It turns out the Swiss Alps really are littered with Swiss Alpine Club huts and their privately owned lookalikes. At Chalet Martin I met Caroline, another WorkAway from the States, and after a few days of extra fridge cleaning and bed making weÂ ran away from civilization for a night in a mountain hut. At Merlinâ€™s suggestion we headed toward Cabana de Plan Neve, a smaller hut nestled in a mountain valley.
When we left the hostel the low hanging clouds were threatening rain but as the day progressed the sun broke through the clouds and we ditched our rain gear for tank tops as we trekked down into Les Gorges, through Les Plans and up toward Pont de Nant.
Hiking through Les Gorges was beautiful — a narrow trail led us along a rushing river through a thick forest full of moss-covered trees. It was calm and relaxing and stunning. Unless you needed to pee, then all the rushing water and too-close-to-a-river trail was a mild form of torture.
The gorges led us to Plan sur Bex, a small town where the donkeys apparently run wild and chase each other along the paved streets. Yup, definitely saw that but never thought up a good explanation. Our adventure got more mountainous as we left Plan sur Bex and become truly remote after hiking past Pont de Nant.
By now we had been on the trail for just over two hours and were under the impression we had roughly two hours left, if our Google calculations were correct. Unfortunately our Google calculations were not even sort of correct. When we arrived at the intersection/parking lot near Pont de Nant the sign stared down at us “Plan Neve 3h 15m”. What?! Good grief. Maybe it was wrong…?
We did some head patting and pep talking over a second lunch break then tugged our packs back on and headed up the trail. For a few hundred meters the trek wasnâ€™t bad, just a long, slow climb. Then we arrived at Switzerlandâ€™s version of switchbacks leading up straight up the mountain. Oh, and by switchbacks I still mean zig zags. Tight, unforgiving zig zags.
The trail led us past a remote farm where a gaggle of fluffy puppies came to greet us then across a steep meadow before depositing us at the edge of a wide talus field. We picked our way through the rocks, following the white/red paint as we continued upward. By now we were keeping ourselves entertained with a fun little guessing game. “How much further, do you think?” “Do you think itâ€™s up by that ledge?” “Or, maybe in that valley?”
Yea, we were playing all of the mind games! Eventually we rounded a bend and saw a single flag post peeking above a rocky overlook. We were close! Sort of. We still had 30 minutes of rocky, steep switchbacks where the flag never seemed to get closer. Then, suddenly a cabin roof appeared next to the flag and we had arrived!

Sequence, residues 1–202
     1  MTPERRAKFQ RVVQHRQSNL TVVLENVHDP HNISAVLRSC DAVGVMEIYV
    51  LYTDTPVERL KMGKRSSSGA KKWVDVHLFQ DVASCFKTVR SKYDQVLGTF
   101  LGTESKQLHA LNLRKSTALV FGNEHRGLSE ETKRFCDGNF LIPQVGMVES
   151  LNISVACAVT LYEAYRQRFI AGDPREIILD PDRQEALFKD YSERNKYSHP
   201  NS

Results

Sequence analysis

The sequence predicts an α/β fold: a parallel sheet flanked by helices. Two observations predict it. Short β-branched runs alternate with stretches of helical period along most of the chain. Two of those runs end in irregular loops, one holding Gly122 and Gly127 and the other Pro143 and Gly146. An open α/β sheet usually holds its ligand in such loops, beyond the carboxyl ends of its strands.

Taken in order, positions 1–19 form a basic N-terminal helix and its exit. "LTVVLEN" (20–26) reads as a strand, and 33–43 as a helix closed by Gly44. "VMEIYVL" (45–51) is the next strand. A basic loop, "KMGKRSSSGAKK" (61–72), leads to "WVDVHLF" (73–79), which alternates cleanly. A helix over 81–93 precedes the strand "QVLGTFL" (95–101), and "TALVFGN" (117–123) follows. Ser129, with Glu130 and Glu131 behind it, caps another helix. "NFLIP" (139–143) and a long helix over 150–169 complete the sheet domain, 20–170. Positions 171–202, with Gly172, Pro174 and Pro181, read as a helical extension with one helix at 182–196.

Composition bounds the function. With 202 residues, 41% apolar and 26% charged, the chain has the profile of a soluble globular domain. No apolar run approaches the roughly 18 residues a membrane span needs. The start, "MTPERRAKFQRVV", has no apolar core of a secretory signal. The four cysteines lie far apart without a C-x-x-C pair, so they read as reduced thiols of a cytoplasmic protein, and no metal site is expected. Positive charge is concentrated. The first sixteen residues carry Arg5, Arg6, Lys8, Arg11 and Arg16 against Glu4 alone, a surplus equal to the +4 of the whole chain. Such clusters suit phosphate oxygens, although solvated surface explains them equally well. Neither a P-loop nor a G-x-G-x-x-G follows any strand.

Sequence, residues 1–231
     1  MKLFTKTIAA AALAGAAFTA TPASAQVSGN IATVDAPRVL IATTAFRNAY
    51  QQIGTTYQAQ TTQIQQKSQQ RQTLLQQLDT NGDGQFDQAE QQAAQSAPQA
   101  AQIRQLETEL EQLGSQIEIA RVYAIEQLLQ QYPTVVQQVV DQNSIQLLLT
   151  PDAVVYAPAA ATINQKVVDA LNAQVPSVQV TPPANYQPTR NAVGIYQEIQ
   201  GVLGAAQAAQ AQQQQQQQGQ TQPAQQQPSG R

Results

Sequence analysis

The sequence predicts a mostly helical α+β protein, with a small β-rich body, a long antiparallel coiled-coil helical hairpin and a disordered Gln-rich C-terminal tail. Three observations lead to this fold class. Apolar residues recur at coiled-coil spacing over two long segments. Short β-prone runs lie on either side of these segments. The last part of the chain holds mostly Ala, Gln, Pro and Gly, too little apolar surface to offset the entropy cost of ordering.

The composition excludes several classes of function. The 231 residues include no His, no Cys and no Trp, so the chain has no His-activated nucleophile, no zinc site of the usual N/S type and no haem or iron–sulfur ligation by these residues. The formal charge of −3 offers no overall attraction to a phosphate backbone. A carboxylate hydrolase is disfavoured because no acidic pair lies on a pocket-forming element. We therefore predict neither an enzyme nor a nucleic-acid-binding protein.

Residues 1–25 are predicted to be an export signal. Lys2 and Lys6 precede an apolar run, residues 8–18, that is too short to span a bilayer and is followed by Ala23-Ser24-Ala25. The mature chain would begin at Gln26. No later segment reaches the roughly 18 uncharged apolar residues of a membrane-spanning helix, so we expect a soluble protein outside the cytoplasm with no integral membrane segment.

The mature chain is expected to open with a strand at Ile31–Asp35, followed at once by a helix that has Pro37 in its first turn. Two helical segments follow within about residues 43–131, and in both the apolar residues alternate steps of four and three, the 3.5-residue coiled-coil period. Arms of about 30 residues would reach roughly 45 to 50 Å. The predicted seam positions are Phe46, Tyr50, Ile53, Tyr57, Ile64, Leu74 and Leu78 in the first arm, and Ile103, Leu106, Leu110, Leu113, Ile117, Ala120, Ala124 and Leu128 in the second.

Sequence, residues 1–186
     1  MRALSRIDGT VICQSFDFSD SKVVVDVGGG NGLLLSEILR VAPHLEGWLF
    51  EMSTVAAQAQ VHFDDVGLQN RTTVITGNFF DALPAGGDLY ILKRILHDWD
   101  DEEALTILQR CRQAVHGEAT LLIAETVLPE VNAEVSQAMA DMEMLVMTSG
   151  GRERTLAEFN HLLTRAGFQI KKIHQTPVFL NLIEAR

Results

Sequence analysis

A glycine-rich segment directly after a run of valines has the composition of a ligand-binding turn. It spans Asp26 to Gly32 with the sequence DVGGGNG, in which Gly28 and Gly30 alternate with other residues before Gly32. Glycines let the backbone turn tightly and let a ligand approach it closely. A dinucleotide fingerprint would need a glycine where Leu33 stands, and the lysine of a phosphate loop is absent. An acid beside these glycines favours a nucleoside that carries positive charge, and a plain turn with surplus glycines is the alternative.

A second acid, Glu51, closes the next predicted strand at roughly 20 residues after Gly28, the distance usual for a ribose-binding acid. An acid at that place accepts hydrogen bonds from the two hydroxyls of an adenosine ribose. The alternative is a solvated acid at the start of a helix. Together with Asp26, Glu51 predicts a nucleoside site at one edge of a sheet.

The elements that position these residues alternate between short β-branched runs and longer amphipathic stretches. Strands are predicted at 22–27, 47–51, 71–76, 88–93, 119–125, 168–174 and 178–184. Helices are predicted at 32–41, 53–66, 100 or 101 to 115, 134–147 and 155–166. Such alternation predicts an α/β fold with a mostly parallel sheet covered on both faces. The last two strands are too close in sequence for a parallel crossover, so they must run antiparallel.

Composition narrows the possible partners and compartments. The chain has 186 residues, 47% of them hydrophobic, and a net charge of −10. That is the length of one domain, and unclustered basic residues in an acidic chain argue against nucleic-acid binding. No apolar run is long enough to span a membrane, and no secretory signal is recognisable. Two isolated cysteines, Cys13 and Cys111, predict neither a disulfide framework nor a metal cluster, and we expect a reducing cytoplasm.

We were greeted by a chatty dog and a very friendly host. With it being a weekday we were the only people in the cabin and Caroline got to put her French to good use sharing stories with the host, Martine. They chatted a lot as the host prepared us dinner. My French is essentially non-existent so I kept myself busy by staring at a SAC map and reading up on other huts in the area…where was I going next?
Dinner was quite tasty — we had vegetable soup, a carrot salad, lentils with sausage and orange/chocolate pudding. Some people have mentioned getting shoddy meals at the huts but so far Iâ€™ve lucked out with some really great chefs hosting the huts Iâ€™ve visited! Theyâ€™ve always been incredibly friendly too. The woman hosting this cabin was also quick to share her experiences and tell us about the area. She even pulled us into her little kitchen to show us the chamois nibbling on grass near the window!
In comparison to other SAC huts Iâ€™ve stayed in this one was quite small with room for roughly 30 people, far less than the 80-115 capacity huts I have stayed at in the past. It was almost nicer this way, more personal. Especially with such a great host taking care of us!
On Thursday morning we were greeted with…lots of clouds and rain. We knew rain was in the forecast but had our fingers crossed the weatherman was wrong. No such luck. After a breakfast of bread + granola + yogurt we repacked our bags, piled on our rain gear and head outside into the cold rain. Our trek down the mountain was slow. Slick rocks and gusty winds do not make for a quick descent!
As we descended into the small mountain towns we decided to avoid the longer trail through the gorges and just take the road, hoping it would be quicker and maybe offer up a hitchhiking opportunity. The road seemed to go on forever and with all the rain, no one was out and about. So we hiked…and hiked…and hiked…and trudged through the rain. We were soaked, and cold, and a little bit miserable. Eventually, hours later, we mad it back to Chalet Martin. We dumped our wet gear in the mud room, made a beeline for the hot showers and inhaled hot apple pie with ice cream in front of the fireplace to make ourselves feel better about the wet, muddy, view-less trek we had just survived.
Of course, as we were washing up our pie + ice cream dishes the sun decided to pop out…and stay out for the rest of the afternoon. I guess the weatherman was only sort of right — he had called for a full day or rain, instead we only got a rainy morning. If only weâ€™d known staying in the warm, cozy hut a few more hours would have saved us from hours of wet misery. Ha. Go figure. Even so, it was a pretty spectacular trek and worth the extra long, hot shower required to reheat our tingly toes + fingers!